My dog chewed on a piece of yew for about ten seconds. I don't think she ate any, but I am still worried. We got Rid of the yew quickly, and the dog has shown no symptoms yet. should we take her to the vet?
May 13, 2018
The branches are the least poisonous part and it is unlikely that a few seconds of chewing would cause a poisoning event, however you should keep a close eye on Sadie for the time being and look of for symptoms of drooling, vomiting, weakness and breathing difficulties; if you have any concerns or doubts visit an Emergency Veterinarian. Regards Dr Callum Turner DVM
May 14, 2018
0 found helpful
My dog ate small piece of japanese yew yesterday, about 2 inch long, leaves, no berries. I know because she vomited sometime last night and yew was there whole. She was fine all day eating, walking etc, tonight she vomited her dinner up immediately after eating. This has happened before a few times, maybe eating too fast? But finding the yew makes me nervous. No other symptoms, she seems fine. Is it too late to take her to vet, or its there any point in it at this time and with her overall seeming fine?
March 13, 2018
Japanese yew poisoning may cause symptoms of drooling, vomiting, weakness, difficulty breathing, changes in heart rate, tremors, seizures and death. If Sadie isn’t showing any other symptoms apart from vomiting, I would keep a close eye on her but still think you should pop into your Veterinarian to be on the safe side. Regards Dr Callum Turner DVM www.petpoisonhelpline.com/poison/japanese-yew/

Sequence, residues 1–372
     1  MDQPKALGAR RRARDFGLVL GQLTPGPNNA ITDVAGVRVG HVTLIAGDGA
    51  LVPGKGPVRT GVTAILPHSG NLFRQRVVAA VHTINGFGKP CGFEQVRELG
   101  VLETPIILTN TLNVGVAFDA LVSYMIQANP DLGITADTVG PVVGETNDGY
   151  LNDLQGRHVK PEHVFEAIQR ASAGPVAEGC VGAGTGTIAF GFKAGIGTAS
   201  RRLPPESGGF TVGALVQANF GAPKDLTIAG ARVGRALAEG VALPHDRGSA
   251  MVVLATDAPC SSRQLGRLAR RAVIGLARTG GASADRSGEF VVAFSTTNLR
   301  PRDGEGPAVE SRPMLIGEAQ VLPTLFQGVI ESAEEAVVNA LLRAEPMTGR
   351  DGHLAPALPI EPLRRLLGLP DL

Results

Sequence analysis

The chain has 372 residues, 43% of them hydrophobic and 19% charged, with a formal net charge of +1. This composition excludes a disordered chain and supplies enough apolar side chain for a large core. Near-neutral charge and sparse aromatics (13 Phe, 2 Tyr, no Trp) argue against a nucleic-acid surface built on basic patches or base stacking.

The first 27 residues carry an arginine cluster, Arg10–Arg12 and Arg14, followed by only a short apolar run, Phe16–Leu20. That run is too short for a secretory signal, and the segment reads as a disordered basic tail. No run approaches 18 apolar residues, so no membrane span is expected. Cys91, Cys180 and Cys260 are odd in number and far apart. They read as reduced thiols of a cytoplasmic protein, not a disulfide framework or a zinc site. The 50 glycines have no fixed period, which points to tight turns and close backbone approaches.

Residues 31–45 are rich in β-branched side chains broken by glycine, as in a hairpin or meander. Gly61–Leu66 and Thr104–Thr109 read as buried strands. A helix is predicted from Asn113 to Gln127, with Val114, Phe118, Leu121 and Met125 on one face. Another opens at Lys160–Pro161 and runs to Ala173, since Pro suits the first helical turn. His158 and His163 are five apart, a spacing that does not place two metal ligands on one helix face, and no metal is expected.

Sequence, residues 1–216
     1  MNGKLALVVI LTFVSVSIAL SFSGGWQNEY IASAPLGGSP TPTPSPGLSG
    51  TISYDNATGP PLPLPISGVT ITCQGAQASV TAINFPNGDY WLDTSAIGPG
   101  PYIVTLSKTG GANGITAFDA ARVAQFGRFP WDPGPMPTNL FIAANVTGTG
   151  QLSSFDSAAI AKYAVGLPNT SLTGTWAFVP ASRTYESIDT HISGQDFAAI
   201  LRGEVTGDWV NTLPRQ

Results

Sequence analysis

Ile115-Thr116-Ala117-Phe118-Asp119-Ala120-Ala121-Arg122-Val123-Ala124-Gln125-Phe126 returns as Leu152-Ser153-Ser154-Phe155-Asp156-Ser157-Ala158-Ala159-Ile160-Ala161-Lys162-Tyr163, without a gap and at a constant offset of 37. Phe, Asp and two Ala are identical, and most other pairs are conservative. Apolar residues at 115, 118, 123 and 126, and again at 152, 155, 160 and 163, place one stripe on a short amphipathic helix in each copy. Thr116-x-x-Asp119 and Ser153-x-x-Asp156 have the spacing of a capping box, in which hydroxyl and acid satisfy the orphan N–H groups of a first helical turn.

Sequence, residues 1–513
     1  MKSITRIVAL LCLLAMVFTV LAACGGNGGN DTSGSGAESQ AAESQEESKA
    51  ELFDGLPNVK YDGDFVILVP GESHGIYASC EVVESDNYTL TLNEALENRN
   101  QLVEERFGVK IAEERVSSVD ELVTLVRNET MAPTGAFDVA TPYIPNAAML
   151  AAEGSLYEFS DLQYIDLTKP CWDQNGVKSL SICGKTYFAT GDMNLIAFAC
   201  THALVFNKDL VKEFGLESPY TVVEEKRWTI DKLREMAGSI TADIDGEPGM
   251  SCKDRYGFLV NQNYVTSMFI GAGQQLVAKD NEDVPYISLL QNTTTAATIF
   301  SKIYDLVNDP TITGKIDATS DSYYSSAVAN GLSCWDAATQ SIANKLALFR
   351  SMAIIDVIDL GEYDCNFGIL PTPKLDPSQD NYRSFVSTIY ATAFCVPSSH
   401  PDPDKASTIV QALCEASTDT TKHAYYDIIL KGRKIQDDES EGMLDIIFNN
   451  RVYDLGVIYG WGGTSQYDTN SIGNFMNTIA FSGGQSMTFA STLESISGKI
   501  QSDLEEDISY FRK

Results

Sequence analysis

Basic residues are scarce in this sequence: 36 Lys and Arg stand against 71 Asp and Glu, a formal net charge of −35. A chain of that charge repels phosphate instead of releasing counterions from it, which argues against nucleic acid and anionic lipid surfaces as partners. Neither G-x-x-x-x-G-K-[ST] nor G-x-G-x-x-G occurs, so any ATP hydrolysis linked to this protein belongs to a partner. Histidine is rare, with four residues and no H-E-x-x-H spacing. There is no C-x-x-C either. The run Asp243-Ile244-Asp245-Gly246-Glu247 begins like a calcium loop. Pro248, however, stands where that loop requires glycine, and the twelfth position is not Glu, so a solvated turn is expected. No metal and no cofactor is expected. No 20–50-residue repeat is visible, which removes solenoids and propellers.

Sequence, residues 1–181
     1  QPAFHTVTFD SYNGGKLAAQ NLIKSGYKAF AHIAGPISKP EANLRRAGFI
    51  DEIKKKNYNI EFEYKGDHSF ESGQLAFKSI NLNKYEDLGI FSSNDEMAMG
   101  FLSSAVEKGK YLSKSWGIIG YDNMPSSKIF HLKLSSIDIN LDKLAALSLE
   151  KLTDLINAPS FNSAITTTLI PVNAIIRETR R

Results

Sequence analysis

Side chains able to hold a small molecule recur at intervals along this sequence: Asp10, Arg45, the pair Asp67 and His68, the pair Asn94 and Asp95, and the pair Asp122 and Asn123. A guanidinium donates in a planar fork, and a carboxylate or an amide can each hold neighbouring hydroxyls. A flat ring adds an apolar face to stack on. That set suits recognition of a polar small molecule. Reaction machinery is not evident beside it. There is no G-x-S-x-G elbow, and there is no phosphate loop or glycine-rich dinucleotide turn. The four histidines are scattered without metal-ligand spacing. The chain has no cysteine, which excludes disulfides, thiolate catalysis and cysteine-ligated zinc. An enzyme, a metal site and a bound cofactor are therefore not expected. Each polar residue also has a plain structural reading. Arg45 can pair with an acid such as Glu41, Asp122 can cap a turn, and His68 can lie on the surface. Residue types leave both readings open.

March 13, 2018
0 found helpful
We cut down some yew from our backyard a couple weeks ago and we were burning it tonight. I noticed my dog was chewing on a stick, but we had multiple three types stacked in our backyard. This was about two hours ago, I just noticed when she was sleeping that her muzzle and her throat seem to be contracting and spasming. I have seen this happen before when she was sleeping and she was never in contact with yew before then so I'm not entirely sure if this is an isolated event or not or if I need to go see a vet.
Sept. 9, 2017
Yew poisoning may cause symptoms of drooling, vomiting, weakness, difficulty breathing, changes in heart rate, tremors, seizures and death. Twitching of the muzzle, facial muscles and other body parts may be normal in some dogs (my own dog twitches his muzzle when sleeping). Whilst yew is poisonous, the berries and succulent are more poisonous than the branches; given the possible severity of yew poisoning, I would be on the cautious side and have your Veterinarian check Wendy over to be safe. Regards Dr Callum Turner DVM www.petpoisonhelpline.com/poison/japanese-yew/
Sept. 9, 2017